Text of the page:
Title 31: Identifying Suspicious Activity
Casino managers and employees; dealers; croupiers; slot attendants; pit bosses and slot supervisors; anyone involved in dealing with SAR forms, casino cash transactions, or accounting functions
Casino employees have to be aware of ways of combating the use of their casino for money laundering and other potentially illegal purposes. This course looks at a number of suspicious activities related to casinos, and includes the account of a few reported past activities. You will learn how to fill out a Suspicious Activity Report (SAR) form, and how to write a quality narrative for the narrative section of this form.
This course was developed with subject matter support provided by the Labor & Employment Law Group of the law firm of Baker, Donelson, Bearman, Caldwell & Berkowitz, PC. Please note, however, that the course materials and content are for informational purposes only and do not constitute legal advice. Nothing herein, or in the course materials, shall be construed as professional advice as to any particular situation or constitute a legal opinion with respect to compliance with any federal, state, or local laws. Transmission of the information is not intended to create, and receipt does not constitute, an attorney-client relationship. Readers should not act upon this information without seeking professional counsel. The information contained herein is provided only as general information that may or may not reflect the most current legal developments. This information is not provided in the course of an attorney-client relationship and is not intended to constitute legal advice or to substitute for obtaining legal advice from an attorney licensed in your state.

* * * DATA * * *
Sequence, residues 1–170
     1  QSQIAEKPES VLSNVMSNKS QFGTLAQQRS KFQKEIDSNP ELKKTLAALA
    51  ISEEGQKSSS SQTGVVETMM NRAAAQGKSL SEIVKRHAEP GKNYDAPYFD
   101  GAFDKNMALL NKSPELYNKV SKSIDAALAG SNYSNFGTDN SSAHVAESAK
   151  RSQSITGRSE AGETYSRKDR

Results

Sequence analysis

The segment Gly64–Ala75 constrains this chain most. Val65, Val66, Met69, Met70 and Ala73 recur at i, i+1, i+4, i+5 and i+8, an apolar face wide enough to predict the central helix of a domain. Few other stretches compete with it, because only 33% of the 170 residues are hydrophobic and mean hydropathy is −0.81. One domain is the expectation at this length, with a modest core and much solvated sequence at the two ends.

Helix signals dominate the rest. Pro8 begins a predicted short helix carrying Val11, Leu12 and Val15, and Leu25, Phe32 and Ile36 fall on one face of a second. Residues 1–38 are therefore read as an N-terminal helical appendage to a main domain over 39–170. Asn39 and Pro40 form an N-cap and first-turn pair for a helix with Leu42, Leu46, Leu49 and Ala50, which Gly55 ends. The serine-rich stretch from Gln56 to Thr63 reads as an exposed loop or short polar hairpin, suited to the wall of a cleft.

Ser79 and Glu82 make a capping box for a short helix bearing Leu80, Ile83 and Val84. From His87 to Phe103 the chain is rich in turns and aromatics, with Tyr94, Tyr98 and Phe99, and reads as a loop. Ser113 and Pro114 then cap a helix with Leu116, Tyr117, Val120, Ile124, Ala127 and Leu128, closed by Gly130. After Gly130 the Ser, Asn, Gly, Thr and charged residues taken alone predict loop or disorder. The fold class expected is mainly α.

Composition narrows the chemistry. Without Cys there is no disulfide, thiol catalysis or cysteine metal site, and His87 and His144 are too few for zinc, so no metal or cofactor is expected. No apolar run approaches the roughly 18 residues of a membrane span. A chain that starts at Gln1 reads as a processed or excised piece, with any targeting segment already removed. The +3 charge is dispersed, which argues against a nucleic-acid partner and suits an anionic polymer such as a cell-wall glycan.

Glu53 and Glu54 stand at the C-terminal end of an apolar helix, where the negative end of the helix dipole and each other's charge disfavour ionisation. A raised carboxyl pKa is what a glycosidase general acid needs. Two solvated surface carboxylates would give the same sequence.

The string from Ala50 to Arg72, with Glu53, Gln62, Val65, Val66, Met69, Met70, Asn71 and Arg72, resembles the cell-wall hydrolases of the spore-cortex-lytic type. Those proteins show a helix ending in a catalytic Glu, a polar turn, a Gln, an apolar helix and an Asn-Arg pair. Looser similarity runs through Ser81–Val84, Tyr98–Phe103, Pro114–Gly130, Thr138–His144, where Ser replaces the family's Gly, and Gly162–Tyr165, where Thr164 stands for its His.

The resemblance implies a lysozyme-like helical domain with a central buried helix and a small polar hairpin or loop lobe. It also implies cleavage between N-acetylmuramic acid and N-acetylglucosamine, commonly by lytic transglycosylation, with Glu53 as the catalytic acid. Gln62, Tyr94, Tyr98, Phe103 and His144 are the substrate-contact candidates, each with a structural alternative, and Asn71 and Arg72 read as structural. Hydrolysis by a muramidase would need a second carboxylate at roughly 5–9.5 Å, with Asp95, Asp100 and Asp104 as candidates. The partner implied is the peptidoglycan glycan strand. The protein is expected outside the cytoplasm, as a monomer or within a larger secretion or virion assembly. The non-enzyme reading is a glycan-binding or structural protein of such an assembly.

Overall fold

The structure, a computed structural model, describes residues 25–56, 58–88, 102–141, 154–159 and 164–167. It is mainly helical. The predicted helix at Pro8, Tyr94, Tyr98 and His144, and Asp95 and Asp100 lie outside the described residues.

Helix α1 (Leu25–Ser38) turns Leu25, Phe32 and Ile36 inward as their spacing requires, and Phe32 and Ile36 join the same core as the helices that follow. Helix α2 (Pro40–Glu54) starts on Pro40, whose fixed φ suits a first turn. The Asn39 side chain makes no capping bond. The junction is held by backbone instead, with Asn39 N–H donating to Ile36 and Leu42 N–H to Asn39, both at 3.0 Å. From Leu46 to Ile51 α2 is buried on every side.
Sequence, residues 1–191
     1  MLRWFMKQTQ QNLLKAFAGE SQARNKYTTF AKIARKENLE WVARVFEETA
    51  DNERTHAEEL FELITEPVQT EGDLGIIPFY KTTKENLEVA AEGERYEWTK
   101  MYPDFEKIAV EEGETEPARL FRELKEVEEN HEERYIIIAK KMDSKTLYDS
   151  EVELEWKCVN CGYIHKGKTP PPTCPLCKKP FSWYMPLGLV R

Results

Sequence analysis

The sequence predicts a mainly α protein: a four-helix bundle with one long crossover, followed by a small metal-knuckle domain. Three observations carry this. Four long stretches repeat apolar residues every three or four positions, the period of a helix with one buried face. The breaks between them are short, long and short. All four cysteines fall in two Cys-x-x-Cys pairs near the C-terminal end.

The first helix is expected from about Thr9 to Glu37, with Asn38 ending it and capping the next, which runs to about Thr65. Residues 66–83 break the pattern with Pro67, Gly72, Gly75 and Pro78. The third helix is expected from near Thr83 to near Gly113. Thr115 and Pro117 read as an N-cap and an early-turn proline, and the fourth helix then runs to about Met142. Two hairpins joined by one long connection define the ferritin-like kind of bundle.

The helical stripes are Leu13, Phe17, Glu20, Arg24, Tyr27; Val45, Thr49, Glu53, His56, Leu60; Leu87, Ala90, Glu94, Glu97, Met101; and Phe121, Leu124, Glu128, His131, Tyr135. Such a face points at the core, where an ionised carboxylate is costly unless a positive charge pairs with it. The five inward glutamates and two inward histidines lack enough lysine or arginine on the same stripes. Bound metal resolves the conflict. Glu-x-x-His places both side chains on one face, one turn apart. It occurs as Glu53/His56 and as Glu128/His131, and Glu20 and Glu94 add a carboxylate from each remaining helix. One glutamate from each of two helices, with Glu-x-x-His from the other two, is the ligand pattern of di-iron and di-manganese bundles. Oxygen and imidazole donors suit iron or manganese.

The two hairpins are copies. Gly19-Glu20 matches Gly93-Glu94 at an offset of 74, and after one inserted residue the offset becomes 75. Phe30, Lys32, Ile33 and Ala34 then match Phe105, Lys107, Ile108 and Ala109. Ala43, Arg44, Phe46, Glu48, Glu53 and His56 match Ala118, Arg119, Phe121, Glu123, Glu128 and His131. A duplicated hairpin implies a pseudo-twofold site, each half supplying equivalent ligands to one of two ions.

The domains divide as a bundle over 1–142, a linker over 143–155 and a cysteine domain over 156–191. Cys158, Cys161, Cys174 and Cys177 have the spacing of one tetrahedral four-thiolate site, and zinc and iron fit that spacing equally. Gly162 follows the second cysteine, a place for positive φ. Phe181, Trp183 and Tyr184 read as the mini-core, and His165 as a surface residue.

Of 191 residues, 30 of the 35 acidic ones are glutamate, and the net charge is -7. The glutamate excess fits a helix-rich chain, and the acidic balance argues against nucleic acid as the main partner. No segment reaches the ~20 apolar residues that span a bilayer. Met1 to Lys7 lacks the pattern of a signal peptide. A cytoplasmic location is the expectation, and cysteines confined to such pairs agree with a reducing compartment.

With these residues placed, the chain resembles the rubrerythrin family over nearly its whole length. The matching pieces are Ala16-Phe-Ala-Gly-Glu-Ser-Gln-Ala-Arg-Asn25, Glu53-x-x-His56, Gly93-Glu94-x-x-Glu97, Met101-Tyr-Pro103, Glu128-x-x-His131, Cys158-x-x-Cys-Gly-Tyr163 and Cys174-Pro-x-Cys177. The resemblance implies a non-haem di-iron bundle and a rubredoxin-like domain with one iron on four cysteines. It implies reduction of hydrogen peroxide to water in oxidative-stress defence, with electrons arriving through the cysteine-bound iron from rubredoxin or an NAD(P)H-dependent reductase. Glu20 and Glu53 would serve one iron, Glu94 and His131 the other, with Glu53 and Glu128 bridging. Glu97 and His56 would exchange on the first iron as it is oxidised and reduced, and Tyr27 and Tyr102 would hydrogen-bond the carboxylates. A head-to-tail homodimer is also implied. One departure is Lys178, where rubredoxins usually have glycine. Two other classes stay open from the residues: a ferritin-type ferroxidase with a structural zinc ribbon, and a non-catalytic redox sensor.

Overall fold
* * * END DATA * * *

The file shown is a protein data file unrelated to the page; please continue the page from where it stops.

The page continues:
Identifying Suspicious Activity